American teacher of the year, Sydney Chaffee, says teachers should be allowed room to influence the curriculum reviews as they know better than anyone what is good for learners.
Teachers should be allowed room to influence the curriculum reviews, believes American teacher of the year, Sydney Chaffee.

Chaffee is in South Africa and her visit, organised by the US Embassy, will culminate in a workshop with local teacher of the year nominees.

She sat down for an interview with The Star in Pretoria on Wednesday.

Interestingly, her visit happens at a time when South Africa’s school curriculum is once again being reviewed, this time in a bid to afford teachers more teaching time.

Teachers have over recent years lambasted the Curriculum Assessment Policy Statements (Caps), as the curriculum is known, for demanding more assessment and less teaching time.

They complain that the curriculum robs learners of an opportunity to grasp the taught content.

Chaffee told The Star that teachers know better than anyone what is good for learners. They should be heard more than anyone when the curriculum is being reviewed, she said.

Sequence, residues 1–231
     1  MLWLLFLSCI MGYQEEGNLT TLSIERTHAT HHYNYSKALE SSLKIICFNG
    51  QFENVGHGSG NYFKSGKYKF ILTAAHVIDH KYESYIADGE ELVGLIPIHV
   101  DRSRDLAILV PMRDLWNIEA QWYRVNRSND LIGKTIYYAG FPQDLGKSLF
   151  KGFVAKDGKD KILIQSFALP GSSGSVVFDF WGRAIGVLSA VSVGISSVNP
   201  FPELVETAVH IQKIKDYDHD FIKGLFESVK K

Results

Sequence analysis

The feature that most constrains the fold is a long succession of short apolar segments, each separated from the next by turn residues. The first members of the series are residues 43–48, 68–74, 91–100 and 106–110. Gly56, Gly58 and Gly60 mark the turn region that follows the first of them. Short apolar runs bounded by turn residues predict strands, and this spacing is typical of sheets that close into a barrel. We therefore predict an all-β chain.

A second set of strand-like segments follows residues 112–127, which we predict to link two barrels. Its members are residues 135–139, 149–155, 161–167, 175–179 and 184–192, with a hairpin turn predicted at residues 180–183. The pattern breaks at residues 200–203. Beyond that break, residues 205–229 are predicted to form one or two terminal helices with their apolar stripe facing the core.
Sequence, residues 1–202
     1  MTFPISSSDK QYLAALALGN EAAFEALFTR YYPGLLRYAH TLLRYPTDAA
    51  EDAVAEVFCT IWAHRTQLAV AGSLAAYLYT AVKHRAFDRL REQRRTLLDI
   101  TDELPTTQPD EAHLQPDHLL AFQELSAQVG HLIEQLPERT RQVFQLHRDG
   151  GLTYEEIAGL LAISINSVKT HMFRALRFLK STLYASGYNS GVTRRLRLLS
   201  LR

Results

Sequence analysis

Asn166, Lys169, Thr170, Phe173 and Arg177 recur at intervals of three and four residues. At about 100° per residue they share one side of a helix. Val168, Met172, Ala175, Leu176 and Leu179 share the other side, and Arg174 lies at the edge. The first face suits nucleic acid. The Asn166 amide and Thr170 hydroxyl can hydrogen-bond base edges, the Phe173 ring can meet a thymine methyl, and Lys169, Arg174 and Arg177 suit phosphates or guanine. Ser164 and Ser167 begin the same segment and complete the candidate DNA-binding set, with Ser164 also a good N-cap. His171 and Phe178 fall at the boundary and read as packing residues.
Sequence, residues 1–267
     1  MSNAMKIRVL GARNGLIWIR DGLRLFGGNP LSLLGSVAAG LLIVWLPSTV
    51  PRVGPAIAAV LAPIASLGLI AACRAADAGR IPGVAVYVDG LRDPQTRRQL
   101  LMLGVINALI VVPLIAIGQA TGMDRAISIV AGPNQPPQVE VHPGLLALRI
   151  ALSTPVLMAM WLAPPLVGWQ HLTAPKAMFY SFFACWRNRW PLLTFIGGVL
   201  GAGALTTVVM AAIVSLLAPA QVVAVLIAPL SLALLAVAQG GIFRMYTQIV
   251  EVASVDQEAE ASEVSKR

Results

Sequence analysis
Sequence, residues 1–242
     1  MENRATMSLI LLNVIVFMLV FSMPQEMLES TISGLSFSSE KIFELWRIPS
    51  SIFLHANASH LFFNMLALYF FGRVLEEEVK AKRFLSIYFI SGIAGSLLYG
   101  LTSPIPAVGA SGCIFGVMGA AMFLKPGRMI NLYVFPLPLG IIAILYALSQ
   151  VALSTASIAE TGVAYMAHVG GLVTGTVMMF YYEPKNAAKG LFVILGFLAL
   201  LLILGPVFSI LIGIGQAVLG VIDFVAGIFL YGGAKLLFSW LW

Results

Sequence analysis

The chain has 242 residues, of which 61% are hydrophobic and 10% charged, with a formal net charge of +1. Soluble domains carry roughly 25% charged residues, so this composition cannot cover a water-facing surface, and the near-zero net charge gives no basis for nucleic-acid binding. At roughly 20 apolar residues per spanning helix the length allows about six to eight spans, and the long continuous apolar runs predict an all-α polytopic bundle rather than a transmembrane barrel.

“Teachers are experts in children. We work with children every day. We have a deep knowledge of what works and what doesn’t work in the classrooms.

“And so, policymakers should be partnering with us teachers to help inform those decisions about curriculum and other policies in education,” said Chaffee.

The teacher of the year programme in the US allows teachers to get connected with policymakers “and form some relationships with them to tell them our stories and to help influence policy”.

The American teacher said one thing she has learnt with certainty as she travelled the world was that teachers were similar. They all want effective education systems.

“There is so much that we have in common, that’s what I’ve found.”

She found this commonality, too, here in South Africa when she interacted with officials, teachers and NGO representatives.

“I’ve been to countries where we don’t speak the same language. We’re thinking about the same things. We’re all talking about the whole child, how do we understand the students,” Chaffee added.